Saturday, November 14, 2009

Peritoneal mesothelioma

Peritoneal mesothelioma is a malignant mesothelioma that forms in the peritoneum, the portion of the mesothelium that surrounds the stomach and the intestines in the abdominal cavity.
Mesothelioma of the abdomen, like all types of mesothelioma, is caused by asbestos exposure. Though it can take many years for a patient to demonstrate symptoms of peritoneal mesothelioma, the cancer develops when the asbestos fibers become lodged in the spaces between the mesothelial cells.The principal question is how the asbestos fibers are getting into the peritoneum, since it is not connected directly to the lungs.
Some researchers believe that peritoneal mesothelioma is caused when asbestos fibers are ingested in water or (more rarely) food, and then migrate through the stomach or intestinal wall. Other researchers believe that the asbestos fibers must be coming in through the lungs and then migrating into the peritoneum via the lymph system or the bloodstream. It is even possible that asbestos fibers might be present in sputum which is coughed up and then ingested.
A patient with peritoneal mesothelioma may not demonstrate symptoms of the cancer for 20 to 50 years after initial asbestos exposure since it often takes years for mesothelioma to manifest. In the case of peritoneal mesothelioma, asbestos fibers travel into the peritoneal layers where they cause irritation and inflammation and the development of cancerous cells which divide and grow uncontrollably. The cells cause thickening of the peritoneum and fluid build-up in the peritoneal layers. As the cancerous cells continue to divide overtime, tumors start to form. Most peritoneal mesothelioma symptoms are caused by this membrane thickening, fluid build-up, and eventual tumor development, all of which put pressure on internal organs.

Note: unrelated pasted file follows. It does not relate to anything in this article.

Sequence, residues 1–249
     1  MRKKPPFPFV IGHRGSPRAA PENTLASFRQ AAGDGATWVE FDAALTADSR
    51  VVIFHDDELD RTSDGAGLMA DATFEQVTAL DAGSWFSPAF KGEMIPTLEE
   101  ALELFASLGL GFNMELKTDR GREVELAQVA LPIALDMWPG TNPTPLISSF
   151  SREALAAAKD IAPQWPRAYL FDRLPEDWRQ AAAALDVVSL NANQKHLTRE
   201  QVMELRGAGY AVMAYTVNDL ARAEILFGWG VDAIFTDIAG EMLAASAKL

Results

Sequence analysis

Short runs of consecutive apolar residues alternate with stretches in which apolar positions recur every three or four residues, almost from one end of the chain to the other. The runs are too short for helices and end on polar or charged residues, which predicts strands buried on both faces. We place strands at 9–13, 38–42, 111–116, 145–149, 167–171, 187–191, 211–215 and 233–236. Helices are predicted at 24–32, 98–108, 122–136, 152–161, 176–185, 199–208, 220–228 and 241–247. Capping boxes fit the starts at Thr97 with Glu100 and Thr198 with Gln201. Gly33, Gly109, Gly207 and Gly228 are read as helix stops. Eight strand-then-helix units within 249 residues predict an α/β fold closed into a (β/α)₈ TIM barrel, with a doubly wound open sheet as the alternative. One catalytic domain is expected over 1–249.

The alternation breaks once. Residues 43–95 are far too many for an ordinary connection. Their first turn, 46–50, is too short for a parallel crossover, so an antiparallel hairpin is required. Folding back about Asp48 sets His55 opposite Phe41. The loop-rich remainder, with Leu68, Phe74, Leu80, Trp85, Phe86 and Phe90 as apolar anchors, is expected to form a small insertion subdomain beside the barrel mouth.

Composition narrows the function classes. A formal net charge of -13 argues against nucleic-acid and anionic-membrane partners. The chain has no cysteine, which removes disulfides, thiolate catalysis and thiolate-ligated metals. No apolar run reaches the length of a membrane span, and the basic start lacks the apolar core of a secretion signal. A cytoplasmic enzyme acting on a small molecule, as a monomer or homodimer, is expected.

There is an extremely rare form of peritoneal mesothelioma in which the testicles of a male patient develop tumors. The covering of the scrotum is actually an outgrowth of the peritoneal mesothelium. It is believed that fibers from the stomach may migrate to the scrotal covering and that a typical mesothelioma can form there. This is exceptionally rare, however.

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